The early Greeks, Aristotle in particular, had opinions on most everything, including how things move. In their view of the universe there were four elements: earth, water, air and fire. If an object made of earth was displaced out of its natural location, the "natural motion" of the object would cause it to be returned to earth through water and air. Similarly, an upside-down bucket pushed into the water trapping air will allow the air to be released to its natural location when the bucket is turned upright. They also believed that an object when released would quickly attain its natural velocity and would fall at that rate until it hit the ground. The explanation of falling bodies by the Greeks prevailed until nearly the middle of the 17th-century when Galileo, a mathematician from Venice, published his Dialogue Concerning Two New World Systems in 1636. It is in this book published after the trial for heresy in 1633 that he reveals his findings of extensive experiments involving falling bodies and balls rolling down inclined planes. His work closely resembles the modern view of how things fall, a conclusion made remarkable when one considers that he did not have an easy way of measuring time. There were no mechanical clocks in his time. He relied first on the water clock and later a pendulum to measure time.Galileo concluded from his experiments that objects starting from rest would move faster and faster as they fell. Furthermore, he suggested that the rate of increase in velocity was well behaved and mathematical. He found that if an object fell one unit of distance in one unit of time, then during a second unit of time it would fall three more units of distance, during a third unit of time five more units of distance, etc. He also suggested that the air provided opposition to free fall, with air drag having greater influence on lighter objects than heavier ones. He suggested that if a space could be evacuated of air, a coin and a feather should fall to Earth side by side.While this last assertion would need 200 years and more before it was proven, the mathematics of falling bodies showed up in the work of Isaac Newton.

A Modern View

A second kind of motion in one direction is the vertical motion that occurs in the Earth’s gravitational field. If I hold a stone at arm’s length and release it, its velocity is initially zero. Moments later as it is falling, its velocity is not zero. Therefore the stone has undergone a change in velocity during a change in time, the definition of acceleration; we call this the acceleration due to gravity (rather than the acceleration of gravity). On this planet g = 9.80 m/s/s at most common locations. (Why it is this value will become evident in the dynamics section of the course.)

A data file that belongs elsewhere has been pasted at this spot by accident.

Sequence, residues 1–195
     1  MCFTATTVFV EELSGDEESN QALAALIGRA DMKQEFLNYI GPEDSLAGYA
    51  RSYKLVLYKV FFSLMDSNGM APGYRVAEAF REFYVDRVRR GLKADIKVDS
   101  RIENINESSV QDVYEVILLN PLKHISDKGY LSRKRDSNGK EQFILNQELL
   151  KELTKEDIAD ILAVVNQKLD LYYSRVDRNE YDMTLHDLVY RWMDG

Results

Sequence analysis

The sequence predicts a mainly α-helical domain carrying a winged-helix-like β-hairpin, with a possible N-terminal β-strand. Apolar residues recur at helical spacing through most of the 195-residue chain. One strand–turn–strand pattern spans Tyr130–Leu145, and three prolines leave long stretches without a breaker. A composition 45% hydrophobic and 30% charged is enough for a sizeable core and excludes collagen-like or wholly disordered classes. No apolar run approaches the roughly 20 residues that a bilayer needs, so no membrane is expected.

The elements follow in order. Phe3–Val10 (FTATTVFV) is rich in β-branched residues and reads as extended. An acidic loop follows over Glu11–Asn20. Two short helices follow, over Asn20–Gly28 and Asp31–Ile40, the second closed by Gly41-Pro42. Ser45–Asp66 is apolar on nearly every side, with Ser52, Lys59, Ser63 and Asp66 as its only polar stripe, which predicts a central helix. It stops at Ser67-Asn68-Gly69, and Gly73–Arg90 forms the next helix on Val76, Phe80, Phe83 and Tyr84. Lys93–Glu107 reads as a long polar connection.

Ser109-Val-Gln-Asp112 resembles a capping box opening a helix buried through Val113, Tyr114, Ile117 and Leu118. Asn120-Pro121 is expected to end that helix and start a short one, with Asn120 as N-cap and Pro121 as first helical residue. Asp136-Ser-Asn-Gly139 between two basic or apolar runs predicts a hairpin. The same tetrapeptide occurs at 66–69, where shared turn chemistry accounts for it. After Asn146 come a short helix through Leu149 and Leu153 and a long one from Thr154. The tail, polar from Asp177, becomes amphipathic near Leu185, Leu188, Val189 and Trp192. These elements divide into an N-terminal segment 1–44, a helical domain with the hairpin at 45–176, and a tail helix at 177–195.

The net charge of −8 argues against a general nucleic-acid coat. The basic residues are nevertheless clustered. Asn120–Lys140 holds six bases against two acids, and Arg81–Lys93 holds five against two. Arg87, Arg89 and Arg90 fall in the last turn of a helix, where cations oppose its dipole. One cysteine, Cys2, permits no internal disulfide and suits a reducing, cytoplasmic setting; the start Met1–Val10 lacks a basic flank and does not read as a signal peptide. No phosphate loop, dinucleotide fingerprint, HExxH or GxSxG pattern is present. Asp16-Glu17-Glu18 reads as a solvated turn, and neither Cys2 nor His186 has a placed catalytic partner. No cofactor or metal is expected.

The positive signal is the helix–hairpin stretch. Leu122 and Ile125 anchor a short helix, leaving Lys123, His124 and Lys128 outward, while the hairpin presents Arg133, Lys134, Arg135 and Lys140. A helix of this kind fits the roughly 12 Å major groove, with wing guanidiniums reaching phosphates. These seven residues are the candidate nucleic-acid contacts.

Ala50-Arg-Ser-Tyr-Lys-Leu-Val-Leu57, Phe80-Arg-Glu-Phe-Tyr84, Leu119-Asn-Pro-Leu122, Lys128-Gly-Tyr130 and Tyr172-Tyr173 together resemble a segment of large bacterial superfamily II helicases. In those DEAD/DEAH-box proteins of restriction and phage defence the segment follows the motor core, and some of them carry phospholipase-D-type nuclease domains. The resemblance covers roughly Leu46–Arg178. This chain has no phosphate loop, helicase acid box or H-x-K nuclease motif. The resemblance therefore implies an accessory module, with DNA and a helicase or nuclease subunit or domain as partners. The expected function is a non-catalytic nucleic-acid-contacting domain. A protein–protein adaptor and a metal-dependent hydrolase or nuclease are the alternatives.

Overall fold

Perhaps our first order of business should be to alter our sign convention to read:

 Any vector pointing up is positive; any vector pointing down is negative. We measure displacements from the starting point of the trip to the stopping point of the trip. For a body thrown upward, the initial velocity shall mean the velocity at the instant it has left the thrower’s hand. For a body moving downward, we will take final velocity to mean the velocity at the instant before the body hits the ground.

The force of gravity, and therefore the acceleration due to gravity, always points down.
Therefore by our convention
g = - 9.8 m/s /s.

We wish to call the quantity in question ACceleration and not DEceleration. Thus, an object launched upward initially has a positive velocity. For each second that it moves, we add -9.8 m/s to its velocity. At some point in time the velocity goes to zero--the object stops. Gravity continues to add -9.8 m/s to the velocity, making that quantity negative--the ball is coming down. The reader should note carefully that during the upward part of the trip, the negative acceleration causes the object to slow down and stop. As time marches on, the acceleration is still negative and the object speeds up as it falls back to Earth.

 Problem 1.2.1 A ball is dropped from a balcony and falls 50 m to the ground. Determine a) the flight time and b) the velocity at impact. GIVEN THAT vo = 0 a = g = -9.8 m/s/s x = -50 m FIND V & T Finding V Use equation page, 1 line 4 The ball is moving downward when it hits the ground. The correct answer is -31.8 m/s. The positive solution is extraneous The correct answer for t is positive because it is a scalar.